10 2.8 School staff know their pupils well. However what teachers and support staff say is that they often don t have either the time or the expertise to help children and young people when they begin to show signs of distress for an extended period of time. Studies show that school staff can appreciate the availability of a professionally qualified counsellor who can support these children once they have been identified. School staff also say that they benefit from the guidance of counsellors when they are trying to understand and manage children and young people s behaviours and emotions in school. 2.9 Whilst school based counselling has gained much support and has increased in prevalence in recent years within schools in England, there are, however, broad areas for development for counselling services which schools should be mindful of, including: increasing the extent to which practice is evidence-based; greater use of outcome monitoring; ensuring equity of access to young people who are currently under-represented for example those from BME backgrounds; increasing children and young people s involvement with development of services; better integration with other mental health and wellbeing support, within the school and beyond it, allowing for improved assessment and referral. 10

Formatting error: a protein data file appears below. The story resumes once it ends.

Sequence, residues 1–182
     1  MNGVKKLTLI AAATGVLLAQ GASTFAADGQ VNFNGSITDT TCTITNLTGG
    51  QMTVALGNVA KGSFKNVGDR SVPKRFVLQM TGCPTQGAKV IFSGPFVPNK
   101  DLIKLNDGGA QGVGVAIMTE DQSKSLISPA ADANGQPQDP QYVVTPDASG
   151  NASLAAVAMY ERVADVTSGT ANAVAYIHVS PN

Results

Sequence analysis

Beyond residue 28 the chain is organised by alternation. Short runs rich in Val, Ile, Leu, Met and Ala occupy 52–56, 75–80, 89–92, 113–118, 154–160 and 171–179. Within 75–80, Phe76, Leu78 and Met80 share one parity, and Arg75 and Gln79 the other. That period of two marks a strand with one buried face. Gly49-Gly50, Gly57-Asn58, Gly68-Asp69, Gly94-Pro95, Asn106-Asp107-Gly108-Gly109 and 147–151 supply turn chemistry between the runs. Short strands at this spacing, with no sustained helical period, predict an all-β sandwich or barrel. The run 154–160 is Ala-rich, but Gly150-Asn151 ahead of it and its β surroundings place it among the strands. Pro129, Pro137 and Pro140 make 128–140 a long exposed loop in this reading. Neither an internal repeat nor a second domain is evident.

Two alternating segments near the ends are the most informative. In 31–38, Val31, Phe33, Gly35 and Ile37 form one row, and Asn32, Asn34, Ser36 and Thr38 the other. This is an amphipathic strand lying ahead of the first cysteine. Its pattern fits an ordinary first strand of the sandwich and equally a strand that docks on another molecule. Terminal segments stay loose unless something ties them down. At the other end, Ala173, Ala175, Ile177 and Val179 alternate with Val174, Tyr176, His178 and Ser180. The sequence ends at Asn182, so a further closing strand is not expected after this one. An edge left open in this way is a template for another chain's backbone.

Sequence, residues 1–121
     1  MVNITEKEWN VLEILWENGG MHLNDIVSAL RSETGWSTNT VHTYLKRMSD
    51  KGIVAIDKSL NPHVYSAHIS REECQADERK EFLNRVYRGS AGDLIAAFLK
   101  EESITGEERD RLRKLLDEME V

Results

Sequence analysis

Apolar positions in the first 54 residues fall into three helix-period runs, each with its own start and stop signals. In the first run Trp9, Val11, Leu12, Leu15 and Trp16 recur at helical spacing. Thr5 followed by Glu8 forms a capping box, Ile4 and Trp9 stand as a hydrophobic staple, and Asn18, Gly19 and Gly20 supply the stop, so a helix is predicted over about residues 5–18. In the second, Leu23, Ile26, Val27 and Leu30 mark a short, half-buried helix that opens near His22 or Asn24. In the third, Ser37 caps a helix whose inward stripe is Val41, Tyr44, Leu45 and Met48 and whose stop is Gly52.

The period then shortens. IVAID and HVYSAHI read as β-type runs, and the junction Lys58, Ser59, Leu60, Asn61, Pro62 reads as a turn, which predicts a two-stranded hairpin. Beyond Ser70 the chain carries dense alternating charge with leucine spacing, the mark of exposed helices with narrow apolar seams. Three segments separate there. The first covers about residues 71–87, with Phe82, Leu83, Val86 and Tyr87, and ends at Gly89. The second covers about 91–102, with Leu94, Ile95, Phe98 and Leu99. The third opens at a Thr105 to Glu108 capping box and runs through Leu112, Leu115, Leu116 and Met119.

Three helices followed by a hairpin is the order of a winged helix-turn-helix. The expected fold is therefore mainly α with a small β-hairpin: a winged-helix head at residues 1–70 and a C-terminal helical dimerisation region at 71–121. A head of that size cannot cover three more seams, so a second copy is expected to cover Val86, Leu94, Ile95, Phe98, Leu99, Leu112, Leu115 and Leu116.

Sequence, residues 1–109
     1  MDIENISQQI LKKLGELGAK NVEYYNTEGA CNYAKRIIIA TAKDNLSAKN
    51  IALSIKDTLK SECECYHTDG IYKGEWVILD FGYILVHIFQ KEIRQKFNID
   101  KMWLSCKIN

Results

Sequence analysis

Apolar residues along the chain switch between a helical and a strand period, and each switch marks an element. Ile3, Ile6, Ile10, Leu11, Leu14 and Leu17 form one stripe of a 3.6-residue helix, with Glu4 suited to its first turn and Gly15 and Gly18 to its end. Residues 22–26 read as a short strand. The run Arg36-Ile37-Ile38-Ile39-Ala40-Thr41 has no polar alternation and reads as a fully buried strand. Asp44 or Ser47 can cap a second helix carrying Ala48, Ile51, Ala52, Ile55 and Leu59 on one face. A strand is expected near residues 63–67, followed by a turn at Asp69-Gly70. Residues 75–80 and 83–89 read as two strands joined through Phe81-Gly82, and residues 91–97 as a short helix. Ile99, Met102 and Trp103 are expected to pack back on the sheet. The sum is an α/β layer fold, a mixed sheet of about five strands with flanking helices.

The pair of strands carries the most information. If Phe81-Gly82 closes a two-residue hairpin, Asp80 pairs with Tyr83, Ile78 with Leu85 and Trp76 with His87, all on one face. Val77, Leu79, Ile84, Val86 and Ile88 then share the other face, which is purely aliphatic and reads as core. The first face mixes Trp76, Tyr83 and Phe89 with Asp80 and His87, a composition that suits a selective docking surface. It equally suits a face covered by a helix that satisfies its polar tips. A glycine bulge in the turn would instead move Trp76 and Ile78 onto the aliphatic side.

11 3. Future expectations for school based counselling 3.1 The mental health and wellbeing of children and young people is everyone s business. The benefits to the individual and to society in preventing problems from arising, and intervening early where they do, are significant. For schools this can result in improved attainment, attendance, reductions in behavioural problems, as well as happier, more confident and resilient pupils. 3.2 The current extent of counselling provision in schools, alongside a range of other interventions and support programmes for pupils, makes it clear that many schools already recognise the value of making counselling services available in school settings. Schools have adopted a wide variety of approaches, and prioritised this within their existing funding whether through the Dedicated Schools Grant, or in some cases, the Pupil Premium. 3.3 While in some cases school based counselling services may have been introduced to address problems with access to services beyond schools, it is clear that they are not only an established part of the school landscape, but play a significant role in overall provision of mental health services for children and young people. 3.4 Our strong expectation is that over time all schools should make counselling services available to their pupils. In line with the Government s wider approach to schools, allowing schools autonomy to make their own decisions about how to use their funding in the best interests of their pupils, we are not requiring this. But this guidance sets out the issues schools will want to consider where they do not have services in place. 3.5 For the many schools that already have counselling services in place, the priority is to address the areas for development identified above. We want to support schools to ensure that the services they offer are of high quality, delivering value for money and improved outcomes for children and young people. This guidance draws on the direct experience of schools, the views of children and young people about counselling, and advice from an expert group drawn from key organisations. 8 Many of these organisations have produced more detailed guidance and research which is referenced at the end of this document, and which schools may also wish to draw on in developing their services. 8 Mick Cooper: Professor of Counselling Psychology, National Advisor for Counselling, Children and Young People s Improving Access to Psychological Therapies (CYP IAPT),University of Roehampton; Karen Cromarty: Lead Advisor for Children and Young People, British Association for Counselling and Psychotherapy; Barbara Rayment: Director, Youth Access; Catherine Roche: Chief Executive, Place2Be; Kevin Kibble: Chief Executive, Nuture Group Network. 11